There’s a toilet at one end of each carriage, and often an urn for hot water at the other. On the longer distance routes in Russia, the train stops at major stations for maybe 20-30 minutes so you have time to go shopping for things like pots of dried noodles which you then use the urn to make. Note that apart from maybe an announcement of the station name, there’s no further information given, and the trains don’t wait for you so woe betide if you don’t re-board in time. Timetables are noted in the carriages, and include arrival and departure times.

It’s possible, and indeed quite common, to stand either in the corridor and look out the windows, or to stay by the external doors at the ends of the carriage and get some proper air – just don’t fall out! The disadvantage is this is above the wheels and the axles between the carriages, so it’s quite a bumpy journey here.

On the train I took through Uzbekistan, every so often some children would wander through the train selling water and snack foods. On a couple of the other trains there’s a dining car, at least in the upper classes, though there’s no guarantee the food will be available; I had the same experience on a very similar train in Zimbabwe.

Not long after the train departs, the conductor comes around and takes your tickets. They return them to you at the end of the journey (on my trip into Moldova they returned the ticket but not the conformation of the seat reservation). I have no idea why they do this.

In addition, on one of the trains I took, as I was walking down the platform past coach 8, the guard there checked my ticket and said ‘you want coach 14 but it’s a bit rubbish. If you pay a bit extra you can go in this one, it’s much better’.

What happens when you cross an International Border on the trains?

Crossing the international border from outside the ex-Soviet Union to inside requires changing the bogies – the wheel base that the train runs on. This is because Soviet railways have a different gauge/size to non-Soviet railways, apparently because it made it harder for countries to use the rail network to invade them. The process of changing the bogies involves moving the train to a specialist piece of line with both gauges on it, lifting each carriage separately, rolling the old bogies out, sliding new ones underneath, and reattaching the carriage. They’re only attached by a couple of nuts and bolts. It took around an hour for the train into Moldova to be changed.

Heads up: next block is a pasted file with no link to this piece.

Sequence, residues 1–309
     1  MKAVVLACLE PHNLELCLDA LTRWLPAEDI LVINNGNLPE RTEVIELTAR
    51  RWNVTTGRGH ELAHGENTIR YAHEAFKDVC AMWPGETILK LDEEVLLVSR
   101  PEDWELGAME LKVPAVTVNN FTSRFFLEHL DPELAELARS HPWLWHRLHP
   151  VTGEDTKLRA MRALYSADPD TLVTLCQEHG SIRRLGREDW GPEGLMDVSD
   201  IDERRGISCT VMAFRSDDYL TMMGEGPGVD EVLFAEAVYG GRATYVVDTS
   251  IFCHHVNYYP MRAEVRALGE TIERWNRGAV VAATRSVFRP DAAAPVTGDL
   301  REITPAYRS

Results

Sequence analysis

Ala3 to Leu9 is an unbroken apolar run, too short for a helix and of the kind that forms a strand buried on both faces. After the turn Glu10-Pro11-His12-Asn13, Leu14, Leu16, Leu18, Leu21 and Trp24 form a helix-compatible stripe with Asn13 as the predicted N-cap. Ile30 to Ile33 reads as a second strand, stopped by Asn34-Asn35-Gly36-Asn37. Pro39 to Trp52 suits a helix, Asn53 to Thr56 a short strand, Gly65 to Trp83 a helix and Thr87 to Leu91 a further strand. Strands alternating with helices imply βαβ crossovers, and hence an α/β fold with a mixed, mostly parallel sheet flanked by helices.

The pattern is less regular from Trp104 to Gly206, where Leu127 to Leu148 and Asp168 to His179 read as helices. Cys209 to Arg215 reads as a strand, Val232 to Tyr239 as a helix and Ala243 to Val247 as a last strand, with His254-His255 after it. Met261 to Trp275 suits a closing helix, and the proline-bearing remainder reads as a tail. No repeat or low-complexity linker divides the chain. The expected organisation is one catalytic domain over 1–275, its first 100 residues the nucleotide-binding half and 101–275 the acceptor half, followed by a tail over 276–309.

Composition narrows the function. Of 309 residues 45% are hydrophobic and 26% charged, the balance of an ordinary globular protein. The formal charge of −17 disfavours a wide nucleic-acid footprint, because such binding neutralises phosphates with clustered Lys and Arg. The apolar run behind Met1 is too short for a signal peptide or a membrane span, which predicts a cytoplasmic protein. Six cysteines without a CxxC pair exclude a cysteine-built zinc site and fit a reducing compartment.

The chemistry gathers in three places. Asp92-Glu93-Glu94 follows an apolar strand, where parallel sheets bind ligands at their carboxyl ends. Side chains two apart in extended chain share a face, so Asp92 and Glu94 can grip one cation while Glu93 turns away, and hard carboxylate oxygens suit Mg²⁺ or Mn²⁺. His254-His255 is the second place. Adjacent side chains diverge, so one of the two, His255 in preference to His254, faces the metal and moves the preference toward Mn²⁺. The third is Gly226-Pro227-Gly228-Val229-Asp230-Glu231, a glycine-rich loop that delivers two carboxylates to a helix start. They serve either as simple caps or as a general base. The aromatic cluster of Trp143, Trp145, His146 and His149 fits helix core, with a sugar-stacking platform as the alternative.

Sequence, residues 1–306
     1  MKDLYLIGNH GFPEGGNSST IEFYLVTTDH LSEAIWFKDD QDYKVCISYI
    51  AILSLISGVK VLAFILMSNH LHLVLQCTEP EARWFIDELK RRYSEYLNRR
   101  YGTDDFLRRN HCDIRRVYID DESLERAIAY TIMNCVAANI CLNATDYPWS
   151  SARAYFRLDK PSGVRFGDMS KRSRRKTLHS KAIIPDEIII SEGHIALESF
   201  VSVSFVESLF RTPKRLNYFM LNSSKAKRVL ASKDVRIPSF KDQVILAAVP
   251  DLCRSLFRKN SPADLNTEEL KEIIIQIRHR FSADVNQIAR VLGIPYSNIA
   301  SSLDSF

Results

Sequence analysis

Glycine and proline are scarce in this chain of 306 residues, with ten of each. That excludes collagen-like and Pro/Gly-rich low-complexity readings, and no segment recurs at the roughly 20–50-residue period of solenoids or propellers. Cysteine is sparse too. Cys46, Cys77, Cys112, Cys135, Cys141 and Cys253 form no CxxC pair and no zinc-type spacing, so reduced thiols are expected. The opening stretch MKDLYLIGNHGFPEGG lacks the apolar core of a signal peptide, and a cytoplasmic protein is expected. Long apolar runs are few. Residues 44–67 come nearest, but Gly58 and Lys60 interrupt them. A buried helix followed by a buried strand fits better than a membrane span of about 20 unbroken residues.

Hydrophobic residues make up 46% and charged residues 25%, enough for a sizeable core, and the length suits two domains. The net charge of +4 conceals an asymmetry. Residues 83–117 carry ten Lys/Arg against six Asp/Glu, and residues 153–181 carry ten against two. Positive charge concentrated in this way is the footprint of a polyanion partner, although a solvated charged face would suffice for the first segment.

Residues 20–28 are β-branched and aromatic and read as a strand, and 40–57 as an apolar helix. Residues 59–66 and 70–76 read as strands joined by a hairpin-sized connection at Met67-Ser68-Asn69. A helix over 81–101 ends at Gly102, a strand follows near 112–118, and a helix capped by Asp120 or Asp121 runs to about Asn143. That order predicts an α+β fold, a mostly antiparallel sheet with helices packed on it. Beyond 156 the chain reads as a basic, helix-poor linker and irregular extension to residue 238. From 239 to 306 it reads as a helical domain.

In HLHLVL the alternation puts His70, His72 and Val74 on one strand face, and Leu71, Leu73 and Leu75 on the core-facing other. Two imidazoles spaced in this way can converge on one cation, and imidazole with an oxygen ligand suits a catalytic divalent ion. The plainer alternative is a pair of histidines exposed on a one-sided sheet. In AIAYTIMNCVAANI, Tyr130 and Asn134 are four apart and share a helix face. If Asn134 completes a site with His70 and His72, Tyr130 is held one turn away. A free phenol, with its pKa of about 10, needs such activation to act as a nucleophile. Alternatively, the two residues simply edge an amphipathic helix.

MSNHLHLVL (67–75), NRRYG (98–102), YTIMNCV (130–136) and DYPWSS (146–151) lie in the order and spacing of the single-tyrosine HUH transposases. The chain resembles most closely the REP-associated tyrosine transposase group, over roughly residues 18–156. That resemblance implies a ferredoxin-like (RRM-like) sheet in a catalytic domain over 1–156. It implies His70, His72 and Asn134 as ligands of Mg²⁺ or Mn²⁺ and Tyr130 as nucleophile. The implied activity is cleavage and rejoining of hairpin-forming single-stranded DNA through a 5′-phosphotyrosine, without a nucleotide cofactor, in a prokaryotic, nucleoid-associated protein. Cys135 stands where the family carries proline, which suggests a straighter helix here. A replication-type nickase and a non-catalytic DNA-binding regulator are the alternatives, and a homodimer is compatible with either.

Crossing borders previously within the Soviet Union depend largely on which border is being crossed, but generally it’s exactly how you’d expect – the train stops before the border to allow border guards to come inside and check passports, to stamp people out. This can take up to an hour. The train then moves very slowly across the border and stops just beyond it. The new country;s border guards board the train, to check passports/visas and do other admin. Customs checks are also more thorough exiting than entering, and the process can take a couple of hours in total. In most cases you stay on the train (and are not allowed to get off, even), and there’s generally no announcements as to how long the process will take.